Drilling is Not the Answer: Save Oil FASTER with Realistic Car Fuel Economy Standards

Earlier today, President Bush announced the lifting of an Executive Branch ban on drilling in protected areas off our coasts. In an accompanying White House document, the Administration acknowledged that drilling will take a long time to produce any oil; in fact, even if Congress lifted the moratorium today, it would be about a decade before crude would start to flow. On the other hand, setting realistic fuel economy standards for our cars and trucks would save more oil faster than we could drill from the new areas of the Outer Continental Shelf.

According to the Department of Energy’s analysis, at peak production in 2025 the offshore areas currently under the moratorium could produce about 220,000 barrels per day. Compare that to saving over 300,000 barrels per day starting five years earlier in 2020. The 300,000 barrels per day savings come from instituting new vehicle fuel economy standards of 35 miles per gallon for model year 2015 instead of model year 2020.

When Congress passed the Energy Independence and Security Act of 2007, it required that new vehicle fuel economy reach at least 35 mpg by 2020. Between now and 2020, the National Highway Traffic Safety Administration is charged with setting “maximum feasible” efficiency levels. However, as I discussed here, the agency failed in its first attempt to set standards up to model year 2015. Their primary mistake was to assume an unrealistically low gasoline price forecast, which reached only $2.42/gallon in 2016. As part of their analysis, NHTSA modeled a higher—but still unreasonably low—price forecast that reached $3.14/gallon in 2016; in this scenario the agency demonstrated that the new vehicle fleet could reach an average of 35 mpg starting in model year 2015 using existing, cost-effective technologies.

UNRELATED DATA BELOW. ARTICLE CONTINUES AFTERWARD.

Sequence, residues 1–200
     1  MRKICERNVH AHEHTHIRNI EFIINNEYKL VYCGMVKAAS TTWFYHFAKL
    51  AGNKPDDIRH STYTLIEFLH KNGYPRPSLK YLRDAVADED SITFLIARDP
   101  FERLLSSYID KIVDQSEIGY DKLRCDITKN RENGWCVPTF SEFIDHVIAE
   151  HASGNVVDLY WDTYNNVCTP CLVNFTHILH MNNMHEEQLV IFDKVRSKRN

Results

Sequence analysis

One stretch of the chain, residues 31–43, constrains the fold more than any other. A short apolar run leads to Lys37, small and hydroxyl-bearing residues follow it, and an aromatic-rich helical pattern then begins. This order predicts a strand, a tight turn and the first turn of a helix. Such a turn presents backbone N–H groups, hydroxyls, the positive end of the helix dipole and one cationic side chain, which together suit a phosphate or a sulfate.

I compared the oil savings achieved with a standard that reaches 35 mpg in 2015 vs. 2020 and found over 300,000 barrels per day would be saved with the earlier implementation. Simple, right? Just use realistic price assumptions and the Administration can save drivers money at the pump long before drilling produces a drop.

And that’s just the beginning. As described here, efficiency and other clean energy oil savings easily trump drilling production beyond 2020. Clean energy solutions are simply the best way to provide lasting relief to American consumers.

About the Authors

Luke Tonachel

Director, Clean Vehicles and Fuels Project, Energy & Transportation program

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